# Y' = f'(x) proof

## Homework Statement

If y' = f'(x)
Then y = f(x) in one integral.
Now Let g(x) be any other integral in y' = f'(x) that is g'(x) = f'(x). Show that g(x) can differ from f(x) by at most a constant
Then Let : w' = f'(x) - g'(x) = 0
Then the equation of w as a function of x must be w = constant
hence we see that w = f(x) - g(x) equals g(x) = f(x) + constant.
Because g(x) is any integral other than f(x) all integrals are given by y = f(x) + c

How did they get from w = constant to g(x) = f(x) + constant algebraically?
second.... they said Now Let g(x) be any other integral in y' = f'(x) that is g'(x) = f'(x). But if they are two dif integrals why did they set g'(x) = f'(x)? Doesn't setting something equal to something mean they are equal? Is there something that I am misunderstanding?

hunt_mat
Homework Helper

Try looking at the mean value theorem.

HallsofIvy
Homework Helper

## Homework Statement

If y' = f'(x)
Then y = f(x) in one integral.
Now Let g(x) be any other integral in y' = f'(x) that is g'(x) = f'(x). Show that g(x) can differ from f(x) by at most a constant
Then Let : w' = f'(x) - g'(x) = 0
Then the equation of w as a function of x must be w = constant
hence we see that w = f(x) - g(x) equals g(x) = f(x) + constant.
Because g(x) is any integral other than f(x) all integrals are given by y = f(x) + c

How did they get from w = constant to g(x) = f(x) + constant algebraically?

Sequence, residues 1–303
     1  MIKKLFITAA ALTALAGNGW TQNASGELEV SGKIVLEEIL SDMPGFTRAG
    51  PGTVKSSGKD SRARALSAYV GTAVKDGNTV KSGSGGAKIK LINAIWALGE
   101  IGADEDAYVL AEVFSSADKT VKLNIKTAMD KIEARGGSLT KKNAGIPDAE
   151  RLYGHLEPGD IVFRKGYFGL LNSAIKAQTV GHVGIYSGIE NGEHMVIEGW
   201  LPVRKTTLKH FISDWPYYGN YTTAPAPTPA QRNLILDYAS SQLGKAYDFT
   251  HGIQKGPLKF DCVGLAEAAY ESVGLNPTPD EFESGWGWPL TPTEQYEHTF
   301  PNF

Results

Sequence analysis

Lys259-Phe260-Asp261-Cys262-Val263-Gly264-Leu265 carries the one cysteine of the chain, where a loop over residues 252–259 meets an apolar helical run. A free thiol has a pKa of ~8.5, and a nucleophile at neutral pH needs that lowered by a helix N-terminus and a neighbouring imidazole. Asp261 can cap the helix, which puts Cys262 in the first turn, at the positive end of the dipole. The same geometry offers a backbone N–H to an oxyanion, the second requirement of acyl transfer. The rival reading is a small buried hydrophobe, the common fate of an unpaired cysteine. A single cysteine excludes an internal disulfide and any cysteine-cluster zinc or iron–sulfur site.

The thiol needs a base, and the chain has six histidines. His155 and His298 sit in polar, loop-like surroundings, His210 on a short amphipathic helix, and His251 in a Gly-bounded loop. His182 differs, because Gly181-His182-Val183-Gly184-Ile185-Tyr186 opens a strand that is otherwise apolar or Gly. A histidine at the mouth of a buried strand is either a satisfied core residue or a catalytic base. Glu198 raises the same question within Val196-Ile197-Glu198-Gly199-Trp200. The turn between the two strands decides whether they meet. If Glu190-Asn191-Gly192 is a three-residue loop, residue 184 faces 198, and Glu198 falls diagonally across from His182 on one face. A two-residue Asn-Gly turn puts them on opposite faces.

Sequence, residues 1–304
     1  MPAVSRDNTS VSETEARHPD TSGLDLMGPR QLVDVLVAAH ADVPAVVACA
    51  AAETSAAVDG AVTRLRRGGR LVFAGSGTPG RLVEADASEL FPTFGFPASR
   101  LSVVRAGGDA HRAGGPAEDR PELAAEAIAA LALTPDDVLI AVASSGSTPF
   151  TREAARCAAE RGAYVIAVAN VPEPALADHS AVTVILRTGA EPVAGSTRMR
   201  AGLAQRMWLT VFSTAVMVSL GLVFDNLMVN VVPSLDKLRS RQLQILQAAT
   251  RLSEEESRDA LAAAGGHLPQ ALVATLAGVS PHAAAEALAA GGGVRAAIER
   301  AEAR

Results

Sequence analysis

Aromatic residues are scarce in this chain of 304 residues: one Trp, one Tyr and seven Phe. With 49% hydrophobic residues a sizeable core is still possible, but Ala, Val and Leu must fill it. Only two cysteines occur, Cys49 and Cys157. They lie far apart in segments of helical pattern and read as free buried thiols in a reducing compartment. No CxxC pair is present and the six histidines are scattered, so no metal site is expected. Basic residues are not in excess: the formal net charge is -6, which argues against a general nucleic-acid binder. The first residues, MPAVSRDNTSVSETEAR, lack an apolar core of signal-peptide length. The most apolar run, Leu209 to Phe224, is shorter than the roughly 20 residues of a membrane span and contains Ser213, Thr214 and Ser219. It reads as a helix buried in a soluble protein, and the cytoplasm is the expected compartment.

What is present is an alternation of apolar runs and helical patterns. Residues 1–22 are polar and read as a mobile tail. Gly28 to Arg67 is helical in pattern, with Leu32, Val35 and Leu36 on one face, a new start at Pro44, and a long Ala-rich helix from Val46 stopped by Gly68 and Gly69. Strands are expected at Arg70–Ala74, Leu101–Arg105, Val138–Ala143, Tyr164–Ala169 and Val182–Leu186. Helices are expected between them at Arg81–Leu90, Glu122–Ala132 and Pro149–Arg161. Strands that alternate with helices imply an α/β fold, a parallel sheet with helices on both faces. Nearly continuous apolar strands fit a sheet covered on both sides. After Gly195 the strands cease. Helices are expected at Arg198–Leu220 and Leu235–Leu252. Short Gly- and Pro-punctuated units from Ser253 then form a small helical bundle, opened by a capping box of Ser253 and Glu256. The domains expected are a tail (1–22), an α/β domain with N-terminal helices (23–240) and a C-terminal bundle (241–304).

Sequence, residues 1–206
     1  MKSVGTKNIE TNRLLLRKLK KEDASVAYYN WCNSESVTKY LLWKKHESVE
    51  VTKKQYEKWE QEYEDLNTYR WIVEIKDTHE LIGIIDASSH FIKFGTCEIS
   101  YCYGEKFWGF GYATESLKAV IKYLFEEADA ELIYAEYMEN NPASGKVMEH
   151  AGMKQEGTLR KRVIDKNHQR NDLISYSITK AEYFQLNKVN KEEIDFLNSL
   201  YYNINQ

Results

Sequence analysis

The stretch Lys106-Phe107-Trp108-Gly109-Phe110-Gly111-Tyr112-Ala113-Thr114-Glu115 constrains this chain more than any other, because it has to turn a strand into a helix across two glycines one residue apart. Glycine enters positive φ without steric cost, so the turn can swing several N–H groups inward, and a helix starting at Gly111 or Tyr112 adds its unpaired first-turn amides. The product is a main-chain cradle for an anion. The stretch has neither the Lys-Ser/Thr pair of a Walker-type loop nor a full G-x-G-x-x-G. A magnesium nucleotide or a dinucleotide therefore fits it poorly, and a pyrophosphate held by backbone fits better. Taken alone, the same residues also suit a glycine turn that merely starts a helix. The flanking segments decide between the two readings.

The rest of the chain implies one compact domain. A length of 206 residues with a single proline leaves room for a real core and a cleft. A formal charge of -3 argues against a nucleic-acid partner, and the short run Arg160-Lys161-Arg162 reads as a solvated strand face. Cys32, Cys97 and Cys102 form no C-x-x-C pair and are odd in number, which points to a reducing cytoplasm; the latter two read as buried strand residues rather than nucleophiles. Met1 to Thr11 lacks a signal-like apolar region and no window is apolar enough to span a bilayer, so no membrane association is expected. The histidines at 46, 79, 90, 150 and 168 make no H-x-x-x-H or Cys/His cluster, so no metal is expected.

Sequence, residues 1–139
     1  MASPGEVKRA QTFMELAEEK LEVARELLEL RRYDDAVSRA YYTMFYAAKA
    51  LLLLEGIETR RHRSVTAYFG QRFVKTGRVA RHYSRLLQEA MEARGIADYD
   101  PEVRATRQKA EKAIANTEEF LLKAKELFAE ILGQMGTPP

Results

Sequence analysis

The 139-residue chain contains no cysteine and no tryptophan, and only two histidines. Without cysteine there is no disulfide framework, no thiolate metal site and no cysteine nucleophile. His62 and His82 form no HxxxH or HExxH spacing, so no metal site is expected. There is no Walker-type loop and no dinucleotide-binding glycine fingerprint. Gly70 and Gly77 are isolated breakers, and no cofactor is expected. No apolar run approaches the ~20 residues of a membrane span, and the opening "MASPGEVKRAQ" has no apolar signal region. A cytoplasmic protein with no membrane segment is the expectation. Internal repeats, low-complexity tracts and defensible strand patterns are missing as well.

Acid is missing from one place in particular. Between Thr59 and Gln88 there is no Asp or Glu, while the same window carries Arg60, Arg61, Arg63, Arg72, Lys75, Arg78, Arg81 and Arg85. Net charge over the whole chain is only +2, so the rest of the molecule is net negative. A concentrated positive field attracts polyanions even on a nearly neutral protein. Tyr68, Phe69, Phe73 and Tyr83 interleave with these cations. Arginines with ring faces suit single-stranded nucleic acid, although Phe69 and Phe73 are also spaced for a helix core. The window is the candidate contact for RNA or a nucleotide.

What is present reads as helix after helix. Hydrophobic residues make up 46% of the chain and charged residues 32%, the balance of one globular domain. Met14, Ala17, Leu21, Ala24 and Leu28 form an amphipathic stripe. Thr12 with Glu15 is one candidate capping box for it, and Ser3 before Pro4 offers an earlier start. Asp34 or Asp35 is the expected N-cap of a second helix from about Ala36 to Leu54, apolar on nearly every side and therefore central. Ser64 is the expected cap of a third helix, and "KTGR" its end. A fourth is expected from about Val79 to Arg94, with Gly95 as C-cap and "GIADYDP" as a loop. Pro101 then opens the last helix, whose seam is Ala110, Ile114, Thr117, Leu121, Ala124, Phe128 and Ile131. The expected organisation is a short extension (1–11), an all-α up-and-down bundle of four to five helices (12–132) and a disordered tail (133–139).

There is a line missing- did you copy word for word? Rather than saying "let w'= f'- g'" you (they?) should say "let w= f- g". Then it follows that w'= f'- g'= 0. And from that "w= constant". Now we have w= f- g= constant so, adding g to both sides, f= g+ constant.

The fact that "w= constant" follows, as hunt_mat said, from the mean value theorem:
If w is continuous and differentiable, then (w(a)- w(b))/(a- b)= w'(c) where c is some value of x between a and b. In particular, if w' is identically 0, we have w(a)- w(b)= 0(a- b)= 0 so that w(a)= w(b). Since a and b can be any values of x, it follows that w is a constant function.

second.... they said Now Let g(x) be any other integral in y' = f'(x) that is g'(x) = f'(x). But if they are two dif integrals why did they set g'(x) = f'(x)? Doesn't setting something equal to something mean they are equal? Is there something that I am misunderstanding?
Yes, setting them equal to something means they are equal to each other- g'(x)= f'(x). Which follows from the fact that both are anti-derivatives of f'(x).

But it does NOT follow that if f'(x)= g'(x), then f(x)= g(x). That is the whole point of this proof.